The Maintenance Library - Article - Can't Keep The Weight Off? Perhaps Leptin Is The Culprit




Meg
07-08-2008, 02:40 PM
This is probably the most important article I've ever read in the mainstream media about weight maintenance. It finally acknowledges the role of biohormones in weight maintenance and the fact that the metabolisms of those who have lost more than 10% of their body weights are slowed by 15 - 20% as compared to a never-obese/overweight person. We've been talking about it here in the Maintainers forum for the past few years, but it never seems to be discussed anywhere else.

Can't Keep The Weight Off? Perhaps Leptin Is the Culprit (http://online.wsj.com/article/SB121546349717633531.html)

I'm not sure the link will work because it's a subscription site. Let me know if you can't access it.

I have to quote the last paragraph of the article:

How do some people manage to overcome the leptin effect and keep weight off? Generally by watching their food intake very carefully and continuing to increase their physical activity. "Anybody who has lost weight and kept it off will tell you that they have to keep battling," says Dr. Rosenbaum. "They have essentially reinvented themselves, and they are worthy of the utmost admiration and respect."

That, in a nutshell, is what the Maintainers Forum is all about. :)


rockinrobin
07-08-2008, 02:53 PM
No Meg, the link is not working. :(

But I must tell you, that last line has brought tears to my eyes. Not sure why. I think it's the "reinventing" part of it all.

I didn't realize that our metabolisims was a whopping 15 - 20% slower. That's a BIG perecentage. I knew they were slower, thanks to you, but I didn't think it was THAT much of a slow down.

What exactly is leptin? And why is it wreaking havoc with me? I'd be curious to see the entire article.

I'm headed out to work just now. Will check in later.

Once again, thanks for the info.

Meg
07-08-2008, 03:01 PM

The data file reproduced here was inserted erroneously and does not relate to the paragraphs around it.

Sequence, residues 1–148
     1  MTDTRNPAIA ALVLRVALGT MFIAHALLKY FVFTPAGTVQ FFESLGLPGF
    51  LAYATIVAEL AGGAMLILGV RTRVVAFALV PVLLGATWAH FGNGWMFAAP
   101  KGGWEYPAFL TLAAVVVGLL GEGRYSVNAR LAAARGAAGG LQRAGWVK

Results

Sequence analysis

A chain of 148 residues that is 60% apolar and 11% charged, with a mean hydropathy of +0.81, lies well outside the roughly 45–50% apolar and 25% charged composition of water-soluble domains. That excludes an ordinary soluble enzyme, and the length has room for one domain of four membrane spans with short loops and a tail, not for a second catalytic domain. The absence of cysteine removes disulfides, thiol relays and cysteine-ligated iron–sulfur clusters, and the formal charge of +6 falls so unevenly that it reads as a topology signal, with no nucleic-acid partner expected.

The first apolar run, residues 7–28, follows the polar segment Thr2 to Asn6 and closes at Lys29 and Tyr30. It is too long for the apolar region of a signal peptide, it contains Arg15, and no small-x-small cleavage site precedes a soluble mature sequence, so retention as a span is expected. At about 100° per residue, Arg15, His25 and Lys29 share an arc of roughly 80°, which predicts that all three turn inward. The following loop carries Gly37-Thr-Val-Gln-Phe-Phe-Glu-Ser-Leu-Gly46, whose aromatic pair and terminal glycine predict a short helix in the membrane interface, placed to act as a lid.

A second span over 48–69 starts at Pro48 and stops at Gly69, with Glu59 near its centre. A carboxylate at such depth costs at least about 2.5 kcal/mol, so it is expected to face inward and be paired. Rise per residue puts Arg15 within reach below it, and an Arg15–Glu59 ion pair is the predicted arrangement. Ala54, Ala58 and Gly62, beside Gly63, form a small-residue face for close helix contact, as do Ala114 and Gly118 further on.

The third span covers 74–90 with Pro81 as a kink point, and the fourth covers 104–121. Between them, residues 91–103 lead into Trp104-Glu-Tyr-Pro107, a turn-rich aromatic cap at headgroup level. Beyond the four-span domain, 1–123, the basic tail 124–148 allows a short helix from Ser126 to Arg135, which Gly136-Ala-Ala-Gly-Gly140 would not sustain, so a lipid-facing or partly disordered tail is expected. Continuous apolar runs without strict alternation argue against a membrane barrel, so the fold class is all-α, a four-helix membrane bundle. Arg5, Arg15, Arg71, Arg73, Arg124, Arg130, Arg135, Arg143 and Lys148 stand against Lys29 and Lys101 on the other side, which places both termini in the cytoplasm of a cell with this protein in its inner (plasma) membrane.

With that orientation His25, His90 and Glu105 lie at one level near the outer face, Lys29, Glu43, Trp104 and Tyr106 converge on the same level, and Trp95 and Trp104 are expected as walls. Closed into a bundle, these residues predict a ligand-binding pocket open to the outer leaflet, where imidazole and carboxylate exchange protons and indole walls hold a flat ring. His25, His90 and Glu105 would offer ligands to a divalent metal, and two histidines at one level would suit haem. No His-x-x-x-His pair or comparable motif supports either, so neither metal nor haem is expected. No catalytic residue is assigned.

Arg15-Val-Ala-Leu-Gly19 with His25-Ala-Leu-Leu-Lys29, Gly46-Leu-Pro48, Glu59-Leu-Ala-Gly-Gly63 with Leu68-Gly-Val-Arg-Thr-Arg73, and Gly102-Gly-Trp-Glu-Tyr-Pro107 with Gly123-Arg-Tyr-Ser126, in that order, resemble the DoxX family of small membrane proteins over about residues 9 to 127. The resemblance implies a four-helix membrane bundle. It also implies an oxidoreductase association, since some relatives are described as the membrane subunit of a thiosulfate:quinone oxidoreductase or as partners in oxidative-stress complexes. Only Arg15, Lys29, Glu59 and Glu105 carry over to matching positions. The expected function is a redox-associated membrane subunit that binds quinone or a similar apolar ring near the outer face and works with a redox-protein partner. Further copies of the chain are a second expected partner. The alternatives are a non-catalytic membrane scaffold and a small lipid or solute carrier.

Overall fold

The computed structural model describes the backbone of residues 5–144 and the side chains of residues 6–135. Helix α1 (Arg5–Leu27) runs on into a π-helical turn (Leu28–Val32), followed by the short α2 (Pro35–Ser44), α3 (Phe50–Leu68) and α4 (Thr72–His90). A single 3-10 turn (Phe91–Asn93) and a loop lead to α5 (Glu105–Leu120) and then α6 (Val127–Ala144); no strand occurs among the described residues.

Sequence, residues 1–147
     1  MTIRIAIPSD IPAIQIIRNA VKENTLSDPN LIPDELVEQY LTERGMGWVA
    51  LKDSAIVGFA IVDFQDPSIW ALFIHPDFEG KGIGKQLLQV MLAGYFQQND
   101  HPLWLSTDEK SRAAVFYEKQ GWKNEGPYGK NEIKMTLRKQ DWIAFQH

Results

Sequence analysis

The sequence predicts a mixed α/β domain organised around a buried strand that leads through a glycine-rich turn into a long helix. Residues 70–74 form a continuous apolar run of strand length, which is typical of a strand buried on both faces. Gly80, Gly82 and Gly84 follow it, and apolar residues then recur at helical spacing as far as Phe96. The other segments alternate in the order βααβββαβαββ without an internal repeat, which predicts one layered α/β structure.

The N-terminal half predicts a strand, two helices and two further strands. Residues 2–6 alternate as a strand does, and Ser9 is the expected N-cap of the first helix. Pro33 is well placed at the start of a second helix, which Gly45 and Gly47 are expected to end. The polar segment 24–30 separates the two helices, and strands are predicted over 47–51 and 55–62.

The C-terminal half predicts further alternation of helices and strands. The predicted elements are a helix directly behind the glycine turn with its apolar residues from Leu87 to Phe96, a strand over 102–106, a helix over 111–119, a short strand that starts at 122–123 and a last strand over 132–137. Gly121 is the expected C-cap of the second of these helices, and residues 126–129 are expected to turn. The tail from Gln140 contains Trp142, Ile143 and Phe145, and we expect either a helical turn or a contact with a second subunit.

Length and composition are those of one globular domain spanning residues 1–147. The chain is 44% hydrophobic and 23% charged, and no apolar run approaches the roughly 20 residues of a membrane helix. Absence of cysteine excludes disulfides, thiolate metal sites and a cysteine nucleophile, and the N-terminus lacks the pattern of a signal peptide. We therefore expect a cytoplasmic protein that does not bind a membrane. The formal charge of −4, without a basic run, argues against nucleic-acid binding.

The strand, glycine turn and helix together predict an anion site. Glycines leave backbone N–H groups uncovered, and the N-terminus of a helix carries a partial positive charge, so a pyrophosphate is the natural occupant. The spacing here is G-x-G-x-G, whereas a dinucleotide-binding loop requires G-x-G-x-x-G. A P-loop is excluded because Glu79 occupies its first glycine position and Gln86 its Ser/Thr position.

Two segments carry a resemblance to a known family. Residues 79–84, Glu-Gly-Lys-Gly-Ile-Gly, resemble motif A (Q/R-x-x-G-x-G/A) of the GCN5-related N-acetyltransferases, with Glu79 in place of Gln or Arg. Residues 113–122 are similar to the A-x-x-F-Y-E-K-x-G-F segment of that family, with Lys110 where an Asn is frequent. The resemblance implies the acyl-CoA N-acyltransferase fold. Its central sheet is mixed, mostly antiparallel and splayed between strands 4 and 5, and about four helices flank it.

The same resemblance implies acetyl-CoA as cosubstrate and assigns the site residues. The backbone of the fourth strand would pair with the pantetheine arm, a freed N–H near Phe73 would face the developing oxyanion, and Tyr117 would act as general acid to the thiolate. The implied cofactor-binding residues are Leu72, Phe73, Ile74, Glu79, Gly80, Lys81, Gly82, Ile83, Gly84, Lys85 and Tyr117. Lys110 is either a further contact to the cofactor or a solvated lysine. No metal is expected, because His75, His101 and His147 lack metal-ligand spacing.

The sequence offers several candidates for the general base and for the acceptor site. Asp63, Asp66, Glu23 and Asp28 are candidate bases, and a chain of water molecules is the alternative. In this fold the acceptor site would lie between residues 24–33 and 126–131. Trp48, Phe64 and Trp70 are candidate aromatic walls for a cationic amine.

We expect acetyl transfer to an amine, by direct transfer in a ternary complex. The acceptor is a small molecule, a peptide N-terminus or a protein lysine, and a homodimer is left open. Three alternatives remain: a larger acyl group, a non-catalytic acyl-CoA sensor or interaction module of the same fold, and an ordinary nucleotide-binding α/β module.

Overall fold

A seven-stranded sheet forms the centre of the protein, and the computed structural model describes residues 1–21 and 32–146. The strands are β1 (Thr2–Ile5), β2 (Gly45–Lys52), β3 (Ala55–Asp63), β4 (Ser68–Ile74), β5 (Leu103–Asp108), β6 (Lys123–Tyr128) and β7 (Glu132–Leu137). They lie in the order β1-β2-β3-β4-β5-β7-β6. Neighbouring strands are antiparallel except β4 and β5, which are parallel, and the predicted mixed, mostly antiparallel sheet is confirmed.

So, you ate less and exercised more and lost weight. But now the pounds are piling back on. You're hungrier than ever, and you can't seem to resist food. Once again, it's all your fault, right?

Wrong. Blame evolution, and the fact that for the vast majority of human history, famine was a bigger threat than flab. Even your seeming lack of will power is part of a complex biological system that drives humans who have lost weight to regain it, according to new brain-scan research by scientists at Columbia University Medical Center.

"Loosely put, after you've lost weight, you have more of an emotional response to food and less ability to control that response," says Michael Rosenbaum, lead author of the study in this month's Journal of Clinical Investigation.

The key driver of this system is leptin, a hormone secreted by fat cells. When humans (and rodents) lose 10% or more of their body weight, leptin falls rapidly and sets off a cascade of physiological changes that act to put weight back on. Skeletal muscles work more efficiently, thyroid and other hormones are reduced -- all so the body burns 15% to 20% fewer calories, enough to put back 25 pounds or more a year.

This mechanism kicks in whether people are obese or relatively lean before losing weight -- and researchers believe the effect can last for years. In previous studies, giving subjects replacement leptin reversed the metabolic changes, in effect tricking the body into ignoring the weight loss.